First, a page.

Wednesday 22 November 2017

Disney's new king of Queen

From M15 spy to Martin Luther King Jr, David Oyelowo doesn't just act, he also inhabits his characters

David Oyelowo as Robert Katende and Madina Nalwanga as Phiona Mutes in Queen of Katwe
David Oyelowo as Robert Katende and Madina Nalwanga as Phiona Mutes in Queen of Katwe
David Oyelowo as Matrin Luther King Jnr in Selma

Anne Marie Scanlon

David Oyelowo is no Denzel Washington. Denzel, although a very fine actor, is always instantly recognisable as Denzel. Oyelowo has the gift, that very few actors possess, of being a chameleon and thus able to physically disappear inside the character he plays.

In person I don't recognise Oyelowo as Robert Katende from Disney's new film Queen of Katwe. Robert is a man old before his time burdened by responsibility - he has a wife and child and, despite having a first-rate university degree, can only find part-time work with a Christian sports outreach ministry. By contrast Oyelowo looks far younger than his 40 years. When he tells me that his eldest child (of four) is 15 that day, it's a struggle to believe it.

Oyelowo, who was born in Britain to Nigerian parents, has been working steadily since he left drama school in 1998. To date he is probably best known for playing Martin Luther King Jr in Selma (2014) and Danny Hunter in the BBC hit show Spooks.

In recent years Oyelowo has become a focal point for the diversity debate, something he readily admits he's getting "really tired of taking about." Very recently he gave a speech to the British Film Institute (BFI) Black Star Symposium, where he said that his favourite actors, including Daniel Day-Lewis and Michael Fassbender, ''get to talk about their movie, what it's like working with a certain director, funny anecdotes on set… But with me at some point I get 'David we need to talk about diversity.'''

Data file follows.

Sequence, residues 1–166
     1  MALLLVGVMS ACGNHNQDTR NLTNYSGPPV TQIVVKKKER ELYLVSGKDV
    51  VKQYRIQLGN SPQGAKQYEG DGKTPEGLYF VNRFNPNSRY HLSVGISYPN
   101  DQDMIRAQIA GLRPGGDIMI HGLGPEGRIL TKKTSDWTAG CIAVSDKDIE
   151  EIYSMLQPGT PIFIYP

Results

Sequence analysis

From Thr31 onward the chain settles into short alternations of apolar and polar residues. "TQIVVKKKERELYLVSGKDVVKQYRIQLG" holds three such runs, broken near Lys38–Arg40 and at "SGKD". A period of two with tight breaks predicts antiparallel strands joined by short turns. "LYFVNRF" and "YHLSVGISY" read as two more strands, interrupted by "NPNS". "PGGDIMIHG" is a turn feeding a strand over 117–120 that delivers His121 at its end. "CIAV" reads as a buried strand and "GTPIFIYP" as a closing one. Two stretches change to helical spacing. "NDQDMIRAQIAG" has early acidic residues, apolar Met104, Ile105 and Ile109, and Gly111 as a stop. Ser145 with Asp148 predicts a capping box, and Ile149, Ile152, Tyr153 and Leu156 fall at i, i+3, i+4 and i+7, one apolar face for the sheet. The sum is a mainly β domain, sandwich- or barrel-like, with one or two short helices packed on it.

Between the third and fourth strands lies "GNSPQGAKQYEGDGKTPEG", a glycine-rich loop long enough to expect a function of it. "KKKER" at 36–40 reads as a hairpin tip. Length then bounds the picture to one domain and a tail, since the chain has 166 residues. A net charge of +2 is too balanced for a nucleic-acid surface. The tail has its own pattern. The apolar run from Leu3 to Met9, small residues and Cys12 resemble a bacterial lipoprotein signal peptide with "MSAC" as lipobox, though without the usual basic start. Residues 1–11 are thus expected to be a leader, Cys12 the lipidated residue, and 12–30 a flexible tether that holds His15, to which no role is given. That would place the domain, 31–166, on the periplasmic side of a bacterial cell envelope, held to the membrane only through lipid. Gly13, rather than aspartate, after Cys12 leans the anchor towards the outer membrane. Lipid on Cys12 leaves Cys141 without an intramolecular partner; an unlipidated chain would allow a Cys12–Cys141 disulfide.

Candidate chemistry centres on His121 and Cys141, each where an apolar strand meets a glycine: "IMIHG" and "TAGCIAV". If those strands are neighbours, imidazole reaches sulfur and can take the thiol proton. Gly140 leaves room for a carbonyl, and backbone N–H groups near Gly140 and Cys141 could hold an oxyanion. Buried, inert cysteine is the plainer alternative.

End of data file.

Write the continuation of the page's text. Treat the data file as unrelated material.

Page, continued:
Don't be so sure, I tell Oyelowo, I'd definitely want to talk to Fassbender about stereotypes and discrimination. During the 1970s, 1980s and 1990s almost the only Irish characters on screen were priests and terrorists, now British television is full of Irish characters whose ethnicity is incidental to the plot, rather than intrinsic to it.

When things have changed so radically for Irish people on screen, why is it different for black people? "Well there's a culture question and then there's a race question. For me I am a Brit," Oyelowo responds in his very posh accent, "I am of African descent, I am black and all of those things are still very much on the fringes of what is acceptably, from a filmmaker and televisual point of view, British. At least Michael had his whiteness going for him." Oyelowo does concede that things have changed for the better. He said: "I think that in the same way huge inroads have been made around the representation of Irish people in film and television, we are making inroads - but for me, it's not fast enough."

Queen of Katwe, based on the true story of Phiona Mutesi (Madina Nalwanga) is about an illiterate young girl from the impoverished slum of Katwe in Kampala, Uganda, who is introduced to the game of chess by 'coach' Robert Katende.

Phiona shows a natural aptitude for the game and, with the support and help of Robert, she begins winning tournaments and starts to experience life outside the slum. Phiona's mother Harriet is played by Oscar winner Lupita Nyong'o.